Download Free Inside Deaf Culture Book in PDF and EPUB Free Download. You can read online Inside Deaf Culture and write the review.

"Inside Deaf Culture relates deaf people's search for a voice of their own, and their proud self-discovery and self-description as a flourishing culture. Padden and Humphries show how the nineteenth-century schools for the deaf, with their denigration of sign language and their insistence on oralist teaching, shaped the lives of deaf people for generations to come. They describe how deaf culture and art thrived in mid-twentieth century deaf clubs and deaf theatre, and profile controversial contemporary technologies." Cf. Publisher's description.
Introduction to American Deaf Culture provides a fresh perspective on what it means to be Deaf in contemporary hearing society. The book offers an overview of Deaf art, literature, history, and humor, and touches on political, social and cultural themes.
What are ethnic groups? Are Deaf people who sign American Sign Language (ASL) an ethnic group? In The People of the Eye, Deaf studies, history, cultural anthropology, genetics, sociology, and disability studies are brought to bear as the authors compare the values, customs, and social organization of the Deaf World to those in ethnic groups. Arguing against the common representation of ASL signers as a disability group, the authors discuss the many challenges to Deaf ethnicity in this first book-length examination of these issues. Stepping deeper into the debate around ethnicity status, The People of the Eye also describes, in a compelling narrative, the story of the founding families of the Deaf World in the US. Tracing ancestry back hundreds of years, the authors reveal that Deaf people's preference to marry other Deaf people led to the creation of Deaf clans, and thus to shared ancestry and the discovery that most ASL signers are born into the Deaf World, and many are kin. In a major contribution to the historical record of Deaf people in the US, The People of the Eye portrays how Deaf people- and hearing people, too- lived in early America. For those curious about their own ancestry in relation to the Deaf World, the figures and an associated website present pedigrees for over two hundred lineages that extend as many as three hundred years and are unique in genealogy research. The book contains an every-name index to the pedigrees, providing a rich resource for anyone who is interested in Deaf culture.
In Bilingualism and Bilingual Deaf Education, volume editors Marc Marschark, Gladys Tang, and Harry Knoors bring together diverse issues and evidence in two related domains: bilingualism among deaf learners - in sign language and the written/spoken vernacular - and bilingual deaf education. The volume examines each issue with regard to language acquisition, language functioning, social-emotional functioning, and academic outcomes. It considers bilingualism and bilingual deaf education within the contexts of mainstream education of deaf and hard-of-hearing students in regular schools, placement in special schools and programs for the deaf, and co-enrollment programs, which are designed to give deaf students the best of both educational worlds. The volume offers both literature reviews and new findings across disciplines from neuropsychology to child development and from linguistics to cognitive psychology. With a focus on evidence-based practice, contributors consider recent investigations into bilingualism and bilingual programming in different educational contexts and in different countries that may have different models of using spoken and signed languages as well as different cultural expectations. The 18 chapters establish shared understandings of what are meant by "bilingualism," "bilingual education," and "co-enrollment programming," examine their foundations and outcomes, and chart directions for future research in this multidisciplinary area. Chapters are divided into three sections: Linguistic, Cognitive, and Social Foundations; Education and Bilingual Education; and Co-Enrollment Settings. Chapters in each section pay particular attention to causal and outcome factors related to the acquisition and use of these two languages by deaf learners of different ages. The impact of bilingualism and bilingual deaf education in these domains is considered through quantitative and qualitative investigations, bringing into focus not only common educational, psychological, and linguistic variables, but also expectations and reactions of the stakeholders in bilingual programming: parents, teachers, schools, and the deaf and hearing students themselves.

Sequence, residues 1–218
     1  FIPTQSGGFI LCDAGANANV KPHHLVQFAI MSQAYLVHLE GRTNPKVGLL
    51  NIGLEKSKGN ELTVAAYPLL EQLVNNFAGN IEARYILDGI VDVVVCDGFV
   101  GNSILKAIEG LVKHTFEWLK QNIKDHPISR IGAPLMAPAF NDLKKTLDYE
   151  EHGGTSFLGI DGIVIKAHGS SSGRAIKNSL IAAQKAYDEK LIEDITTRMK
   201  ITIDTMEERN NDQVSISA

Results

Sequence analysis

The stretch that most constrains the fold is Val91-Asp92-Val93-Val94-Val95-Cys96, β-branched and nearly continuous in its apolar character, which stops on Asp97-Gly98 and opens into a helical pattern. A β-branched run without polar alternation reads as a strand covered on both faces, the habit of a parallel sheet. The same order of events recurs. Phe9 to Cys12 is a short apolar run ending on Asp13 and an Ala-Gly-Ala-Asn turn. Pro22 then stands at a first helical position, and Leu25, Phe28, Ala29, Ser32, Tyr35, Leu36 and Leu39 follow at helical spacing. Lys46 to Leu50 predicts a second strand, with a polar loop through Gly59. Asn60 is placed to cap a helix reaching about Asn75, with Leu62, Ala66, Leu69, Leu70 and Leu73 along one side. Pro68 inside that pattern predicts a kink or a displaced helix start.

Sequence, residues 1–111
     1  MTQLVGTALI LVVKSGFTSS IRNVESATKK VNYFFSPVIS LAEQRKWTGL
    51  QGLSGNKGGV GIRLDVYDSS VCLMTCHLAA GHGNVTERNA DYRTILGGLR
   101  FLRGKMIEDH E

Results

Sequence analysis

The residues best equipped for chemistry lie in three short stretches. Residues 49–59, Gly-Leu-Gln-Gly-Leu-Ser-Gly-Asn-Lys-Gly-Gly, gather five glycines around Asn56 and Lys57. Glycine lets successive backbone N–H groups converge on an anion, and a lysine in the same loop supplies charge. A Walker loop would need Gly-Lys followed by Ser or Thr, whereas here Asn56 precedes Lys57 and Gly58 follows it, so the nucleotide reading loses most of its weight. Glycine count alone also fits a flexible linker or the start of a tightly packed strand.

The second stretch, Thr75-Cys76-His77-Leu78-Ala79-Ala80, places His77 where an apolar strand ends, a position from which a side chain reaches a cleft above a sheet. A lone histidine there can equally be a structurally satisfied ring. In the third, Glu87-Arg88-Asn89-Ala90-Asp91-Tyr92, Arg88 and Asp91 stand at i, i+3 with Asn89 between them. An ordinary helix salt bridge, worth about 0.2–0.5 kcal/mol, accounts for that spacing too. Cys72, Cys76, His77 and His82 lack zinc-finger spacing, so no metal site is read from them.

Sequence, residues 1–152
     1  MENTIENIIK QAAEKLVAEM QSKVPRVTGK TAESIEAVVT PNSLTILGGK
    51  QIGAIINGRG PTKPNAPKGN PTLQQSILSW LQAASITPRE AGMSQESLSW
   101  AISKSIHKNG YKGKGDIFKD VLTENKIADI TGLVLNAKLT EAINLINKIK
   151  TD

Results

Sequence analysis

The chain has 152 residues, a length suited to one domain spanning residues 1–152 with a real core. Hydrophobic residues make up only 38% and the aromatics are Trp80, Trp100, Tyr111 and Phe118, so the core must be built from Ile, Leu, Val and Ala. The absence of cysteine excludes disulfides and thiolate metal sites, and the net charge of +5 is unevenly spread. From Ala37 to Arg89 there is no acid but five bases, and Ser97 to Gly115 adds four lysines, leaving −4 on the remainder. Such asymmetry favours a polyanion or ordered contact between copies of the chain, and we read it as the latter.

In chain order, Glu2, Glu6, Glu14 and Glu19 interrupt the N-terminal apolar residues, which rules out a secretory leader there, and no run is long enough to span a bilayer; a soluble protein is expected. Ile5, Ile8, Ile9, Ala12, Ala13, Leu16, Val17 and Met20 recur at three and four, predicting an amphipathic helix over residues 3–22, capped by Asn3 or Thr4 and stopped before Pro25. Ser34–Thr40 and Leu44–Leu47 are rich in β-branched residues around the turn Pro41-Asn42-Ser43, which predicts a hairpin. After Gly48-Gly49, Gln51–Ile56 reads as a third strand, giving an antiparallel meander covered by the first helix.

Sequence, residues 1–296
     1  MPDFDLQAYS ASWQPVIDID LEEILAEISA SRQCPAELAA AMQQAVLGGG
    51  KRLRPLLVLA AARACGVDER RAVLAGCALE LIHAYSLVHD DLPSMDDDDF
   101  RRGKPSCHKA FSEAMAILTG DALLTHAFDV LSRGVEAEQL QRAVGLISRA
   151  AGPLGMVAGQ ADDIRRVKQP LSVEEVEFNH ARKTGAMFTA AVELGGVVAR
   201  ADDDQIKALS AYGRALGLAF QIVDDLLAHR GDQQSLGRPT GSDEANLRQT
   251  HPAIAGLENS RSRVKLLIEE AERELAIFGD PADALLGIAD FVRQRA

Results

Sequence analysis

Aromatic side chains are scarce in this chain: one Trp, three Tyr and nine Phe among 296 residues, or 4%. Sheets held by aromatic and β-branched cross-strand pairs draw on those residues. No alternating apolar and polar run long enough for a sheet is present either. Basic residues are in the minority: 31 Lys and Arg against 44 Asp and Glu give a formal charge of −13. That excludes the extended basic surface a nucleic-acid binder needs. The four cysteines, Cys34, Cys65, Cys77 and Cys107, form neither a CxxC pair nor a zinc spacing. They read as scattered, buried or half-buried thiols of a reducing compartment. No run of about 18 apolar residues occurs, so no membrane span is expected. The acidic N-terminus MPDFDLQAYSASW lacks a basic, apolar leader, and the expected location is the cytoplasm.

After a terrorist cell ignites an aerosol dispersion of bacterial spinal meningitis, more than three million Americans are left deaf. They must learn to communicate and work to put together their country's civilization.
Emphasizing the sense of community that deafness fosters, rather than its less positive aspects, this text focuses on the development of the American deaf community during the nineteenth century
This text presents a Traveller's Guide to deaf culture, starting from the premise that deaf cultures have an important contribution to make to other academic disciplines, and human lives in general. Within and outside deaf communities, there is a need for an account of the new concept of deaf culture, which enables readers to assess its place alongside work on other minority cultures and multilingual discourses. The book aims to assess the concepts of culture, on their own terms and in their many guises and to apply these to deaf communities. The author illustrates the pitfalls which have been created for those communities by the medical concept of deafness and contrasts this with his new concept of deafhood, a process by which every deaf child, family and adult implicitly explains their existance in the world to themselves and each other.

Best Books